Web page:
Grand Canyon National Park is one of America's most stunning natural sights, and ranks among its top outdoor destinations. A testament to the power of erosion and time, the massive canyon tracks the course of the Colorado River through barren landscapes. This makes hiking the Grand Canyon an experience unto itself. Because it is so well known you are unlikely to find yourself alone on Grand Canyon trails. That should not stop you from visiting the park, and certainly should not dissuade you from exploring our favorite hikes. Even so, keep in mind that wherever you go, you must eventually come back. A descent to the canyon floor can be dangerous, even deadly, without adequate preparation.
A holiday in the Grand Canyon requires planning, sweat, and maybe some food sacrifices. But one Arizona family discovers the memories are worth all the turkey in the world.
Day-use permit and fee would aim to limit overcrowding.
The bill would declare 1.7 million acres of land a national monument
These 9 miles of Grand Canyon essence are among the best 100 miles of trail in the whole national park system.
This 10.7-mile out-and-back dives more than 3,000 feet to a photogenic perch offering five-star views of the Colorado River and the second deepest canyon in the United States.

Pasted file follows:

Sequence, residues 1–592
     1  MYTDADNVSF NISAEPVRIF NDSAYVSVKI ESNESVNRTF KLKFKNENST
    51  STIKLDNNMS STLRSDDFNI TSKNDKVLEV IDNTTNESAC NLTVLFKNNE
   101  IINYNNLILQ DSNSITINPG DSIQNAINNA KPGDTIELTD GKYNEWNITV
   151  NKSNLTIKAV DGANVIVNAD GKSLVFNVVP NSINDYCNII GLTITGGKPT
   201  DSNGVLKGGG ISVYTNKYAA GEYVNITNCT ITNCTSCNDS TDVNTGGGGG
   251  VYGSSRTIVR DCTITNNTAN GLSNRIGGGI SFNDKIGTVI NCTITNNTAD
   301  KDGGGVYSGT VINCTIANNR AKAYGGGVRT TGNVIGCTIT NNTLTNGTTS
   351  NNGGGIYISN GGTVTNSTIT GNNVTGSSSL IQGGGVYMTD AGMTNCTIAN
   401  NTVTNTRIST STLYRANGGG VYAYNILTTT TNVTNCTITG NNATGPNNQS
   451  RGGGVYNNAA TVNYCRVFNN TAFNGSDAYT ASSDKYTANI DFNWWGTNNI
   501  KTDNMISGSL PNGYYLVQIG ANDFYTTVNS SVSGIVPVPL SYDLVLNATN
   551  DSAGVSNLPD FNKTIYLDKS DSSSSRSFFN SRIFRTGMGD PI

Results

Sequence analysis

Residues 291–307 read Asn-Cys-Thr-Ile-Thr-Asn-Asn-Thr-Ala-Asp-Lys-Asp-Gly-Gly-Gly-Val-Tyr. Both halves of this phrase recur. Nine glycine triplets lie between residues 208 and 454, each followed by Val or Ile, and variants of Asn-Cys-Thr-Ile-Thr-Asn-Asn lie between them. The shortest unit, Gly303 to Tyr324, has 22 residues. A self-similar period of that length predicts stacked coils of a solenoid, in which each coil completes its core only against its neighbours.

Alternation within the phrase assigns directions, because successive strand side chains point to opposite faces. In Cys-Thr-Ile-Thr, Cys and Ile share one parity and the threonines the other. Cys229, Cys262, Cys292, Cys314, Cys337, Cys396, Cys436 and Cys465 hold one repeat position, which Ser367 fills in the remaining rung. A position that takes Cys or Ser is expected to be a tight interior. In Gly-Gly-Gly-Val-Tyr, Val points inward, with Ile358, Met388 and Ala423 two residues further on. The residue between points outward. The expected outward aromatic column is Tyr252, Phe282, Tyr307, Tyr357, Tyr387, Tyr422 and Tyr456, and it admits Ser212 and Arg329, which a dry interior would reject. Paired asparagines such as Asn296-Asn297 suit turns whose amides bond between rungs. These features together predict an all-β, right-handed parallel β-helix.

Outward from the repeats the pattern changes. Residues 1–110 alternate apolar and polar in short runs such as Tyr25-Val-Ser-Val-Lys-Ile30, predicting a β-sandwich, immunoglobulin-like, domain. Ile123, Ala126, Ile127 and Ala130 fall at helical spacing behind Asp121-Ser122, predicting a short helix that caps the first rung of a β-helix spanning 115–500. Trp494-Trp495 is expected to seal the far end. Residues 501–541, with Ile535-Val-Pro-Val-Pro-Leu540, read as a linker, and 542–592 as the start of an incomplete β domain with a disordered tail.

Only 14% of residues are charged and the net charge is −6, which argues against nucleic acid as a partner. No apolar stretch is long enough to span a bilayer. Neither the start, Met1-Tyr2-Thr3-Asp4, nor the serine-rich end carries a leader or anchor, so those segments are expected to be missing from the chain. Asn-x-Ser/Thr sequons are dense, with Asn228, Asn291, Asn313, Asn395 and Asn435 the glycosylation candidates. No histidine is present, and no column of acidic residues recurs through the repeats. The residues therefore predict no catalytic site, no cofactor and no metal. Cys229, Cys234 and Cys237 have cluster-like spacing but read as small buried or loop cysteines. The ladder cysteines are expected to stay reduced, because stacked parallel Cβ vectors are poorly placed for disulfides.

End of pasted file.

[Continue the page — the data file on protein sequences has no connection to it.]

Multi-layered red rocks line mile-deep canyons and cactus flowers explode with pastels on this 16-mile out-and-back to a Colorado River tributary.
This stout three-day backpacking trip emphasizes the "grand" in Grand Canyon as it follows hardscrabble trails to remote campsites, old mining claims, and the scene of an airplane crash.
This 21.5-mile clockwise loop in Grand Canyon National Park strings together faint trails and an Eden of waterfalls and swimming holes.
Tackle one of the toughest and least crowded routes in the Grand Canyon on this 24.4-mile loop.
Descend from Grandview Point for a lesser-hiked, four-day, point-to-point between rim and river.
On this 13.7-mile out-and-back trek to the bottom of the Grand Canyon tour rugged canyons, cross the Colorado River, and take in stunning river-to-rim views.
Drop off the north rim on the North Kaibab Trail on 8.1-mile hike down to Bright Angel Canyon.
Multi-layered red rocks line mile-deep canyons and cactus flowers explode with pastels on this 9.7-mile out-and-back to Esplanade overlook.
If you've hiked the park's established paths, it's time to raise your game. Explore the South Rim's wilder side with this 41.1-mile, off-trail trek. The challenges: routefinding, exposure, class 3 scrambling. The rewards: riverside beach camps, big views, solitude.
Start early for sunrise in the canyon and crowd-free hiking on this 13.4-miler that descends to the gorge's mezzanine level.